Although you chase me
up the stairs laughing
and tickle me as I hide
behind my door frightened,
your hand up my nightdress,
and you send me a Valentine
of a man baby holding a heart
over his genitals, and he’s blushing
and the card is saying,
and although you visit me years later,
and we’re admiring the roses
in Greenwich Park and the bees
on the flowers, and you’re saying,
Be careful, they’re going to pollinate you,
and in the back of the cab you tease me,
The driver will think I’m your beau,
(although excuse me, you’re 80),
you are my father.

Published in ‘The Plumb Line’ 2022

Mum falls sideways on her sofa, throwing
supper up like a dying star’s plasma
ripping through space.

On St Agnes, we scramble to
the daymark, a giant tombstone set
against evening light.

Come morning, unsettled, we uproot
our tent to be closer to the thrash of sea.
Mum sprawls unconscious

on a wash of green cushions.
A fisherman’s catamaran chugs us on safari,
an ambulance ferries her to St Richard’s.

I’ve heard that nearing death
people float above their bodies,
scan for loved ones.

We stand on deck peering
through binoculars.
A kittiwake circles overhead, mewing.

Later, we play campsite cricket.
Hours pass.
I still haven’t checked my phone.

2pm the next day, I plunge
into the Atlantic, gasp. Mum’s last sigh,
the gentle lap of a wave.

Commended in The Ver Poetry Competition 2023


Wrapped up in gilet, scarf and cap you stand
across the road from me. I know you’re dead –
but I feel caught out, living in your flat.

Dodging the traffic, specs in hand, I cry,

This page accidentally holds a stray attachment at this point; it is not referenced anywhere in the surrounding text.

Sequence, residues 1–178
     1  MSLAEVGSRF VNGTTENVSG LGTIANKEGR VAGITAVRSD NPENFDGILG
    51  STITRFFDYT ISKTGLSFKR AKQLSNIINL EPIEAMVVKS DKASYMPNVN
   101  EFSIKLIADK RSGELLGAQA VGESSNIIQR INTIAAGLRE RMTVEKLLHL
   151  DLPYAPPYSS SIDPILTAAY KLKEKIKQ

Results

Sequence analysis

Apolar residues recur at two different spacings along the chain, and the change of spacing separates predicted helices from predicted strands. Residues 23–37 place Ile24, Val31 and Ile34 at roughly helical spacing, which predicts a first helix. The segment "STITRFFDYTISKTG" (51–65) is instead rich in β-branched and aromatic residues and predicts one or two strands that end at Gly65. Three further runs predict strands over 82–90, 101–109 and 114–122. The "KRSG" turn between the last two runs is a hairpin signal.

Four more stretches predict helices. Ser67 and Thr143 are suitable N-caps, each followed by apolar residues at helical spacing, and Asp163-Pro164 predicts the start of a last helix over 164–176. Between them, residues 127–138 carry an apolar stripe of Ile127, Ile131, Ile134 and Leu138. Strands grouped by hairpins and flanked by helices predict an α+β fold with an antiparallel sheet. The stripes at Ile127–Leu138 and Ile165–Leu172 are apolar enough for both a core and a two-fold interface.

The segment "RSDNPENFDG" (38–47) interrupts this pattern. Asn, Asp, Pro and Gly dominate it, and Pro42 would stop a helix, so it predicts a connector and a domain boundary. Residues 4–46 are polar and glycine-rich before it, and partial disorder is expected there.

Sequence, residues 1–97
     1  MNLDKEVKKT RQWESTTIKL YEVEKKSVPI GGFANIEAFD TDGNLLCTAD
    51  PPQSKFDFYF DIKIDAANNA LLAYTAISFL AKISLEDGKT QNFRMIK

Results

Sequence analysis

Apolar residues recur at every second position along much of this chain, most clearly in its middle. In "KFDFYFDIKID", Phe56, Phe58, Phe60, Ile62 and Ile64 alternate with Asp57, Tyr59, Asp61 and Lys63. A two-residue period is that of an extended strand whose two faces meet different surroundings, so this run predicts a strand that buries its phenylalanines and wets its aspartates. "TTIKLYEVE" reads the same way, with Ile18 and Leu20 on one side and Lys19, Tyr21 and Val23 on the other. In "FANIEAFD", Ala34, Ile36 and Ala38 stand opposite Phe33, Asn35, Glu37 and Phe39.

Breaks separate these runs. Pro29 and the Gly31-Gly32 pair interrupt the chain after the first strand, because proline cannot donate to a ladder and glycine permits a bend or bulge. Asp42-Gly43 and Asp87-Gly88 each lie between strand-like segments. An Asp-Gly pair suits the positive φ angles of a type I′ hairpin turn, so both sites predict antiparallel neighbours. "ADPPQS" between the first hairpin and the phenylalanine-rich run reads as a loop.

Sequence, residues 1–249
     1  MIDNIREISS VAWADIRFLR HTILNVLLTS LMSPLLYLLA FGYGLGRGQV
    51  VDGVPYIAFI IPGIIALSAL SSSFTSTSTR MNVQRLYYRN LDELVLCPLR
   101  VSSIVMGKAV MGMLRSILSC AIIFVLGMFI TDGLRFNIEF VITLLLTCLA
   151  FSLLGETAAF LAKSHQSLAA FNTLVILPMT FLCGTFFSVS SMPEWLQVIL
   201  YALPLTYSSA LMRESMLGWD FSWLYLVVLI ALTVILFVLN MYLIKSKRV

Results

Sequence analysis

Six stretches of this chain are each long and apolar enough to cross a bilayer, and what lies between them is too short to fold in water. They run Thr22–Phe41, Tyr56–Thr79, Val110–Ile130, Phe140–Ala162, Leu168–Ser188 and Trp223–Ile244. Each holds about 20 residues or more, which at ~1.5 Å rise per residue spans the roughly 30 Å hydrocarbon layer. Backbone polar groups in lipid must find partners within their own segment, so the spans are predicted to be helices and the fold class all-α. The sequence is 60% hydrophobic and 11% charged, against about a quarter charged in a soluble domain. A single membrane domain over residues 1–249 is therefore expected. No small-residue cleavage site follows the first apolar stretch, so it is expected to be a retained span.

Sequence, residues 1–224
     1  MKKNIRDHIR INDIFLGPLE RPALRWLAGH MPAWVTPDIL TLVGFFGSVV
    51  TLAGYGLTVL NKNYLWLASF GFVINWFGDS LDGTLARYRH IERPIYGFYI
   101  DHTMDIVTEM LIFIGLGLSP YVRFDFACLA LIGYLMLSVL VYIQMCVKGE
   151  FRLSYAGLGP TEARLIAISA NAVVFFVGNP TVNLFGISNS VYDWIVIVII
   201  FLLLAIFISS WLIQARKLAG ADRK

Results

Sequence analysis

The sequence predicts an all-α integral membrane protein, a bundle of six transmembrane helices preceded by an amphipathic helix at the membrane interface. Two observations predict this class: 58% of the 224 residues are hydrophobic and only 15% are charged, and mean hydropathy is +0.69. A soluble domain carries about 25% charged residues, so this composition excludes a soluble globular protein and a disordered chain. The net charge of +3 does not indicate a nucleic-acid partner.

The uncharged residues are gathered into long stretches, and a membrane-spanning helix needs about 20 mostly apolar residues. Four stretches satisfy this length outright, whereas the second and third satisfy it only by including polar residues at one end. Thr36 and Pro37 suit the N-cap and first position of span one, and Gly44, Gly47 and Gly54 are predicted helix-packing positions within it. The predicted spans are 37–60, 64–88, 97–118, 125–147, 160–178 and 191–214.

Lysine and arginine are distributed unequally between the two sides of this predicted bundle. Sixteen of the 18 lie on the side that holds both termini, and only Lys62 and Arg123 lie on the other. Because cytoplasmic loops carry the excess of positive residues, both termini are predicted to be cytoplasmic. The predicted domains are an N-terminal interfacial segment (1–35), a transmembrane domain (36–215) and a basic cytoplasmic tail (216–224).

look, I’ve kept your glasses – just changed
the lenses. I’m trying to say I’ve not discarded you.

You look a little rueful, tell me you’re living
on Mont Blanc now, you needed fresher air
and an opportunity for skiing.

Yet here you are, translucent on my borders –
your gold knot cuff-links, those wrist-locks,
dangling heavy from my earlobes.

Winner of The Silver Wyvern, Poetry On The Lake, 2022

I sing as your body shuts down,
watch the doors of your mind
fly off their hinges
a white sun pulsing through your eyes,
your chest an alembic,
gathering you with each breath you suck in,
I witness your birth as you die
as you suck in your last breath elated,
finally fully alive
and you don’t expire, but keep hold
of the breath and take wing
as I gaze into your brilliant face on the bed
not knowing you’ve left, mesmerised.

Shortlisted for The Wells Festival of Literature Open Poetry Competition 2021

We are chugging to your death
on the panting rhythm of your breath.

I crush lavender buds under your nose –
you open your mouth like a baby bird.

You sleep with eyes wide, gaze turned in.
I see into depths without being checked.

On day three your eyes rise to the surface.
Your lips are moving. I lean in.

You’re hopeless! you hiss.
You are the death adder, Acanthophis.

I flee your bedside. You slip back
into your body’s fevered decoupling.

First published in Envoi 

Ahead of me the trunk sways
like a coffin down the corridors.

My parents heave it up the stairs,
drop it onto the dormitory floor.

A crater opens between us.

Retracing our steps, I see them off
at the school entrance –

turn back to unpack my loss.

Stuff it into drawers under my allotted bed,
hang it limp in the dark of communal wardrobes.

That night I lie in a row of girls
with no walls on either side
to stop me from falling

First published in Allegro magazine